In the aftermath of the 2020 election, Georgians were angry, and rightfully so.
Other states sat idly by and complained about election integrity while doing nothing to strengthen their laws, but Georgia took action. The state legislature passed—and Gov. Brian Kemp signed—Senate Bill 202, which implemented much-needed reforms to ensure Georgia’s elections are fair, accessible, secure, and transparent.
Naturally, Gov. Kemp's former opponent in 2018, ex-Georgia State Rep. Stacey Abrams did what she does best: she spouted off false claims of voter suppression, attempting to paint Republicans in Georgia as racist, bigoted, and evil.
This comes as a surprise to no one. We witnessed this in the aftermath of the 2018 gubernatorial race where, to this day, Abrams has yet to concede to Gov. Kemp. When given the opportunity to finally admit that she lost the election, time and time again, Abrams stuck to her talking points: The Georgia governorship was stolen from her because Republicans used illegal voter suppression tactics to target people of color.
Never mind the fact the data says the opposite. Between 2014 and 2018, voter turnout among minorities in Georgia actually soared. With Latinos and African Americans, voter turnout increased by double digits for both men and women.
Even PolitiFact corrected the record after Sens. Cory Booker, Bernie Sanders, and Amy Klobuchar echoed false claims about voter suppression and voting purges costing Abrams the election.
At this point, Georgians are sick and tired of Abrams using false claims of voter suppression as a political weapon. But the real problem this time? Companies like Delta, Coca-Cola, and Major League Baseball (MLB) are falling for her and her allies’ bullying tactics.
Shortly after MLB announced its decision to relocate the 2021 All-Star Game, Sen. Raphael Warnock, D-Ga., had the nerve to put out a statement expressing disappointment in the MLB’s move.
What did he think would happen after he, Abrams and others on the Left spent weeks spreading lies about the substance of the bill, coining it as a "voter suppression law"?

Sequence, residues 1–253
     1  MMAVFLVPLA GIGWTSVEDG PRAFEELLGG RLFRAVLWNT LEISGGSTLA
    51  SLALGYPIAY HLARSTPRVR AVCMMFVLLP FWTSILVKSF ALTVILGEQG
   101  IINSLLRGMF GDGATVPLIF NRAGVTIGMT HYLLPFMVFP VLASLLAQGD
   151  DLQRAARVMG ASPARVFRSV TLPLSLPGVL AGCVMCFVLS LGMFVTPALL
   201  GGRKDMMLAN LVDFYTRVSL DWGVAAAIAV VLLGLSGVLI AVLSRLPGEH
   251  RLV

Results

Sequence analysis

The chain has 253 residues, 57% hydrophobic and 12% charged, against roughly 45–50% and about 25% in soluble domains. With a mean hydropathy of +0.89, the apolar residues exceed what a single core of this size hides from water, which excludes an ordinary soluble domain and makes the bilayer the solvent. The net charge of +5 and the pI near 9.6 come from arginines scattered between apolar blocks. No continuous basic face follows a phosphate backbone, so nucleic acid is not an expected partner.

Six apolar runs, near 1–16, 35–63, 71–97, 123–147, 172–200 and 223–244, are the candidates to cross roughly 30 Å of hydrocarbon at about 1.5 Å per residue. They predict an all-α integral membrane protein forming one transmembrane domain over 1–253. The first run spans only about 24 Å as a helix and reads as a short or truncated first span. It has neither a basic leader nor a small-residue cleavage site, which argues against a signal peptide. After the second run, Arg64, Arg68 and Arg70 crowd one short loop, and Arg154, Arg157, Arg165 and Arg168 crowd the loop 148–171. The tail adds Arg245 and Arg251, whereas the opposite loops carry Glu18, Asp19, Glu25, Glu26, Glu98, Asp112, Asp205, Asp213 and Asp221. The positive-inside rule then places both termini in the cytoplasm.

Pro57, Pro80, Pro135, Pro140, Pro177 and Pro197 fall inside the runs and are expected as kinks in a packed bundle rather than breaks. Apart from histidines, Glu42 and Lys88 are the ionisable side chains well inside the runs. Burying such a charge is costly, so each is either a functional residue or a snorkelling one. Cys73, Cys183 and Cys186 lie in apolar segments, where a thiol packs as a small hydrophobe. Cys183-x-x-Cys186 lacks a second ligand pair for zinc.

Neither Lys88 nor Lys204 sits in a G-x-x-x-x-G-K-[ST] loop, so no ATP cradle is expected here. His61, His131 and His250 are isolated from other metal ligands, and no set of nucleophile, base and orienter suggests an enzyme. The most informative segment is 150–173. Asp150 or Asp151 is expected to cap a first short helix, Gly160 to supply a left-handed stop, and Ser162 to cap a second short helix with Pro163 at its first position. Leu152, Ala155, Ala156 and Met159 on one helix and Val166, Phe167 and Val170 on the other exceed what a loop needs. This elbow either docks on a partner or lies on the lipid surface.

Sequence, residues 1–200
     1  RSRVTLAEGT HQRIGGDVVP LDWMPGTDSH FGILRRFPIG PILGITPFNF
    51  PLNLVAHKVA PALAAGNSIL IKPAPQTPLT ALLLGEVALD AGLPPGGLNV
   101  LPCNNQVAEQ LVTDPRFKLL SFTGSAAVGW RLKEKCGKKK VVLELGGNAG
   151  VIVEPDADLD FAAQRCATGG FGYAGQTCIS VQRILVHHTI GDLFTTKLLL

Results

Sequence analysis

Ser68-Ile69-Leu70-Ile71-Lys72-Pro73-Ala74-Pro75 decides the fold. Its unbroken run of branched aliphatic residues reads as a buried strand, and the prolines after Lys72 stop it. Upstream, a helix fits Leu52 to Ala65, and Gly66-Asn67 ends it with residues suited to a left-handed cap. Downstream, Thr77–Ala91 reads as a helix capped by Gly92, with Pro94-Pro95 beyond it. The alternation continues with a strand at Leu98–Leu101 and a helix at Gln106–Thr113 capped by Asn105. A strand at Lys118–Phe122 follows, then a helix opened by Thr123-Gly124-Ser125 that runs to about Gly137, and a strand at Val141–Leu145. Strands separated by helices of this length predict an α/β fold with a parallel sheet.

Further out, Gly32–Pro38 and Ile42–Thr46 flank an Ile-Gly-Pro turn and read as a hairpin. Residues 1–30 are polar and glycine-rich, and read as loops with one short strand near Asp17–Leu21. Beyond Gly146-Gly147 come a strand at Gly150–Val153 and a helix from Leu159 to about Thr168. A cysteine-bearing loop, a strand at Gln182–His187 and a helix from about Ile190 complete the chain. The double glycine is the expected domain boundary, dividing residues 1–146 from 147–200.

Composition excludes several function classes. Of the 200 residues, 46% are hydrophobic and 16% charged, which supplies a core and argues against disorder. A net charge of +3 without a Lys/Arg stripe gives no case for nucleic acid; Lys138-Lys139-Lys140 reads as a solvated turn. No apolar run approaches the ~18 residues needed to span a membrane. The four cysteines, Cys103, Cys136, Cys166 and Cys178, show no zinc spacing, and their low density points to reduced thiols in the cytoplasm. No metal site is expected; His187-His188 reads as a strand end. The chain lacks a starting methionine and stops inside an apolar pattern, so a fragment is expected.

The only "unfortunate consequence" here, to use the senator’s term, is the consequence of politicians like Abrams’ and Warnock’s dangerous rhetoric, which is, quite literally, driving business out of our state. When more and more Georgians lose their jobs as a result of these bombastic tactics, they will have Abrams and Warnock to thank.
The truth is, this bill actually encourages Georgians to vote in future elections and ensures each and every Georgian can have confidence that their vote counts.
- Ken Cuccinelli: SR1, Senate version of House voting rights bill, will silence generations of American voices
- Liz Peek: Biden's partisan presidency – Dems too far left to reach across the aisle. Here's why
- Jason Chaffetz: Democrats' crisis relief a pretext to throw trillions at this 'disaster liberalism' agenda
Moreover, Georgia’s new election law better promotes voter turnout than President Joe Biden’s home state of Delaware, Vice President Kamala Harris and House Speaker Nancy Pelosi’s home state of California, and Majority Leader Sen. Chuck Schumer’s home state of New York.
Take early voting, for instance. While Georgia’s new election law requires 17 days of early in-person voting, including 2 mandatory Saturday dates and 2 optional Sunday dates, Delaware had no in-person early voting in 2020, California left it up to the counties, and New York only required 9 in-person early voting days—nearly half of what Georgia requires.
Will the MLB stop playing games in California and New York due to their lack of early voting?
While some—including the president of the United States—falsely claimed Georgia’s new "Jim Crow" election law prohibits electors from receiving food or water in line, the new law merely ensures that electioneering does not take place within 150 feet of a polling location. Delaware, California, and New York have similar laws prohibiting electioneering within 50 feet, 100 feet and 100 feet, respectively—and New York prohibits giving food or water valued at more than a dollar to voters in line.
As for Biden’s false claim about Georgia’s new election law ending voting at 5:00 p.m., I’ll let the Washington Post’s Four Pinocchios speak for itself.
Yes, the MLB, Coca-Cola, and Delta are all private companies. They may choose to do business wherever they please. But customers reserve the right to ask: Will Delta stop flying to China due to their intimidation and imprisonment of dissenting voices, or perhaps their mass genocide of the Uyghur population? Will Coca-Cola refuse to allow their products to be sold at the Beijing Olympics? Will the MLB stop playing games in California, where early in-person voting isn’t required?
Before spouting out liberal talking points in fear of being the next target on the Left’s list of companies to cancel, these companies should grow a spine and do their homework. And before fueling a false narrative of voter suppression and bullying companies to flee our state, public officials like Warnock should think twice about the consequences of their rhetoric.
The MLB owes Georgia an apology—as do Abrams and Warnock.